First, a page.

Yeah…

I’ve got the plot and research all done (I found out I am a plotter – big-time) and spent all my NaNoWriMo time doing research and writing scenes for this endeavor.

I’ll be able to do it because I discovered earlier today that I am able to type things from my mind to the keyboard much faster than I could ever write things from reading them, like those traditional tests to measure typing speed.

I can crank out about 30 words per minute from the reading of text, but I find out that when I type things from my mind, it comes out SO MUCH FASTER!  Like this blog post right now.  I have given myself fifteen minutes to write as much as I can about this particular topic so I can not only get a blog post up, but so I can also re-verify the discovery.

Now I have only done the whole type-from-the-mind thing two or three times (I think this post is the third) but if I can get myself into a situation where I can type the scenes of my WiP just as quickly, I might be able to hit 500,000 words this year with only a single hour a day devoted to the ass-in-chair.

Of course, the work will need to be line-edited and content edited, but it’s the “sitting down typing part” with which most people have the greatest difficulty. I’m hoping I can get the two thousand word hours (2K1H?) into about 300 days this coming year, once I get into the habit.  That’s plenty of time to get the thoughts on paper, get them edited and make the necessary postings to Amazon, SmashWords and the other places you can buy them.

So fear not! I won’t bore you with the excruciating details of my day-to-day struggle to get my 2,000 words.  I’ll just put up a chart every day, or every other day, that will show you the progress I’m Making.

So that’s my fifteen minutes.

Be safe and be well.

(BTW, This post was written at almost 41 WPM, the other test I did was a little over 50 WPM.  I guess this averages out to be about 45 WPM. That’s about 2700 Words Per Hour, but I don’t know if I can keep that pace for an hour. So 2000 WPH or 33 WPM seems quite doable. And this aside does not count in the word total of the post. So, yeah, you can do this, too.)

Wasted Time

So what constitutes wasted time?

Spending three self-guided hours introducing yourself to InDesign and utterly failing to produce anything usable?

Writing 3,000 words only to realize you need to rewrite a majority of it because you based it on the WRONG character’s actions? Jimmy was in Baltimore on Thursday, you dolt. *sigh*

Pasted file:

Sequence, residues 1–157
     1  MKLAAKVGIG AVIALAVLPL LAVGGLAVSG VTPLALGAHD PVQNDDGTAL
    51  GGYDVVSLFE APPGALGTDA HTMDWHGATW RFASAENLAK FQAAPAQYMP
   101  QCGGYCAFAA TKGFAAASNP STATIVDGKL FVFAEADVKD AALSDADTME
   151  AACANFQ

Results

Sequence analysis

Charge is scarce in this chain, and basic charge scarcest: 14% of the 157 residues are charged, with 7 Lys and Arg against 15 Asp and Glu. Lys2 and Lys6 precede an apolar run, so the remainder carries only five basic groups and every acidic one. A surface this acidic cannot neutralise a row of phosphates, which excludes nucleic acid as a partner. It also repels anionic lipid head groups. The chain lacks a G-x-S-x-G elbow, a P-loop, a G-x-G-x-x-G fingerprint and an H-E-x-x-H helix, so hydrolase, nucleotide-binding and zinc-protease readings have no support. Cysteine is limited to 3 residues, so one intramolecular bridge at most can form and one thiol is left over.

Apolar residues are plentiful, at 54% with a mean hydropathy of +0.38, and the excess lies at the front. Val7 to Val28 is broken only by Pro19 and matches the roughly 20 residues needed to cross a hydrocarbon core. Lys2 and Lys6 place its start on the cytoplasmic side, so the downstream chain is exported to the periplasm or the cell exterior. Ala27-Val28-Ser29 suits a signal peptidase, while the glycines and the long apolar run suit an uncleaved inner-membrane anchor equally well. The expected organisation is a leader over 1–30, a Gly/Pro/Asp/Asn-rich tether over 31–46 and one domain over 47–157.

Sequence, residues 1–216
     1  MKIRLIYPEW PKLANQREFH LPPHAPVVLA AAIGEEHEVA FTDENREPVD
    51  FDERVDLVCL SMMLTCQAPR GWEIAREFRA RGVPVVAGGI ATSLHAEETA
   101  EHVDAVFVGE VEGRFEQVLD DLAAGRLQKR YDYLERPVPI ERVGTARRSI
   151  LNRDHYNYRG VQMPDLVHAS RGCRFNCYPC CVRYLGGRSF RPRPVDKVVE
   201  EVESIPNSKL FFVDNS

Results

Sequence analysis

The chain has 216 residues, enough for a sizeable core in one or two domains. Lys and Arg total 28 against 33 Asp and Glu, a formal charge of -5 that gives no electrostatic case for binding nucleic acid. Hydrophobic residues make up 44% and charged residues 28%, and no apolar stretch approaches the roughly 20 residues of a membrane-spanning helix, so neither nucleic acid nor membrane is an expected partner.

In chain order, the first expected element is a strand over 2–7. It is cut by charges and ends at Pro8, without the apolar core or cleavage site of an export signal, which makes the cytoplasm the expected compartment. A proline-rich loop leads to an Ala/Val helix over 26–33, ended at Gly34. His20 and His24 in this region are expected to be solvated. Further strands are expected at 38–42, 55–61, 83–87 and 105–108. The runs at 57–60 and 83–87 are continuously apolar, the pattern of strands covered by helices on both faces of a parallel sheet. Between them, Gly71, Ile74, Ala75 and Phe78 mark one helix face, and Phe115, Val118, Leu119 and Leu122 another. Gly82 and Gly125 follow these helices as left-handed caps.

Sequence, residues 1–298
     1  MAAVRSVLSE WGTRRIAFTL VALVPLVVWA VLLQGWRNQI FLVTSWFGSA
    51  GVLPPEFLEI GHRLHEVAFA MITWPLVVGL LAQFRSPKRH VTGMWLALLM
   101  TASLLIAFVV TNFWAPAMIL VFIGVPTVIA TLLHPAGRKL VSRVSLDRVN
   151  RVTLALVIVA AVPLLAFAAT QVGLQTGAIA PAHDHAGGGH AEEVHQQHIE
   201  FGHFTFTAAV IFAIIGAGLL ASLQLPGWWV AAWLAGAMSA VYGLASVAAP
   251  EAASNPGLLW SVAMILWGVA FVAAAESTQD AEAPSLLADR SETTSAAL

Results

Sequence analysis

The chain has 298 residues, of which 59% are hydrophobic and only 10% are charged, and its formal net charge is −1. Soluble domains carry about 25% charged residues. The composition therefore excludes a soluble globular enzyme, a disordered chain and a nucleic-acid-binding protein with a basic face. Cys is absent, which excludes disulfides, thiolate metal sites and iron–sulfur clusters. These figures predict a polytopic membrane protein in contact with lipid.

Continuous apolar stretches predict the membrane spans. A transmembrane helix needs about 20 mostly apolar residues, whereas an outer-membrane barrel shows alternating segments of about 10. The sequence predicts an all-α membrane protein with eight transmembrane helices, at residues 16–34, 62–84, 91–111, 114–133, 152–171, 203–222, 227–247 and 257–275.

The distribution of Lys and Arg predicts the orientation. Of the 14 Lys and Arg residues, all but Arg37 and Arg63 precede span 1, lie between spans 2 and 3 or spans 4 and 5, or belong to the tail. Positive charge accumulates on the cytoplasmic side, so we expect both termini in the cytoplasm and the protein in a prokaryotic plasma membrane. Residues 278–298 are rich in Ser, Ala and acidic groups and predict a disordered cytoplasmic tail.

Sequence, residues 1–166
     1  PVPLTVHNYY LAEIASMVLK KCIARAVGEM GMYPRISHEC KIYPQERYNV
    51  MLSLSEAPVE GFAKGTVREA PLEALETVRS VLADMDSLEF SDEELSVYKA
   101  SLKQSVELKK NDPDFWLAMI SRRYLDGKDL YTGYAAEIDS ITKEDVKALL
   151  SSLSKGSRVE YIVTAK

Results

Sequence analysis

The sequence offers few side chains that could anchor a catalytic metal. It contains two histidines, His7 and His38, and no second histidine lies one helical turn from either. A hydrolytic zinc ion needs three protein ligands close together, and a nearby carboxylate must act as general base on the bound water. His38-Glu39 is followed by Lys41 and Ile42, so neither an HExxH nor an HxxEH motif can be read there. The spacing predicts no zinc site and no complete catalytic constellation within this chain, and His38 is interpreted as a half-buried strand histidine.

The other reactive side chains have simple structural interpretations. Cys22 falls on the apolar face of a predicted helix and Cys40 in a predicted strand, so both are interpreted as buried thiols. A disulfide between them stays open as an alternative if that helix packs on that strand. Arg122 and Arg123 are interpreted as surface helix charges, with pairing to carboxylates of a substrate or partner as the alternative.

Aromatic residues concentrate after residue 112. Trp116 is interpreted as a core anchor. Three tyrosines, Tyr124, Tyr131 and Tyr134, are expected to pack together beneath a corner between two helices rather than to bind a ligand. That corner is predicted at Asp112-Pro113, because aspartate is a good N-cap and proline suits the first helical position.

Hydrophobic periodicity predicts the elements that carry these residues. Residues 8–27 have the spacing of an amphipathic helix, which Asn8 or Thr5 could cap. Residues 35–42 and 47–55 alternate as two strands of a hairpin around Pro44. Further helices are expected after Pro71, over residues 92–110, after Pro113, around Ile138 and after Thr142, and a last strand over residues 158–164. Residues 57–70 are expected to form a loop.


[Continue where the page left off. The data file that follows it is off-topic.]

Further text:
Having a long, silent conversation with a character about something she’s about to do and you’re trying to talk her out of it? Yes, we all hear the voices, it’s natural.  Well… natural for a writer, anyway.

What about doing house- or yard-work?  Someone has to do the laundry…

If you think you’re not being productive in your writing because you are off doing IRL (In Real Life) things, you’re accurate, but not entirely correct.  Taking a break from your writing once in a while is sometimes more important that forcing your backside into the chair when you’re distracted by these pesky things like good oral hygiene, walking the dog or communicating with people that exist outside of your head and/or the printed page.

Make sure you take time to get up and stretch at least once per hour while you write.  If you’re really in the zone and prolifically pound prose nonstop for two hours once in a while, that’s OK too, but beware the arms, shoulders and back.  I have back issues so I’m forced to get up.

Do a Pomodoro session (this is my thing – Clockwork Tomato App for Android), set a stopwatch or the timer on the stove to remind yourself to get up and stretch.  And maybe click the button on the dishwasher or sweep up those coffee grounds.

Image

Take time to feed the squirrels. Photo by M. Frank Parsons

Or go feed a squirrel.

Remember that time spent doing something you have to do, or something you enjoy doing that is not writing, is not necessarily wasted time.

Be safe and be well.

Write. Every. Day.

Life.

I know, I’m not supposed to talk to you about it.  Now if you’ll stop being a psychologically damaged android for just a moment, we can get something done, K?  K.

If you have 15 minutes to write, then use that fifteen minutes to write.

Like I’m doing now.  I have about zero minutes to get my crap together and get out of the house, but OH LOOK, I have time for a blog post. No its not art, but it IS writing.

If you are a writer who writes for the love of writing (someone who strives to make new words as often as possible because your soul requires it and/or you love to), then this should not be a problem.

If you are a writer who writes because they think its what all the cool kids are doing… well…  I have no idea WHAT the cool kids are doing.  Probably getting arrested for trying to live real-life GTA-5 or something.  I just know I need to write.

Why is fifteen minutes of writing OK?  Let’s ask Dean Wesley Smith:

If you type 250 words in 15 minutes, and considered your writing important enough to type for 15 minutes every day, you will finish 91,250 words in one year. Or about one longish novel.

Think about what that kind of consistency can do for you over the long haul (talking five plus years) if you quadruple that number and dedicate a whole hour to writing.

You’ll be a ‘prolific’ writer, and possibly have a nice little career going.  Or at least a big backlist, the copyright to which you/your estate (grand-kids) will own for 70 years after your death.

Be safe and be well.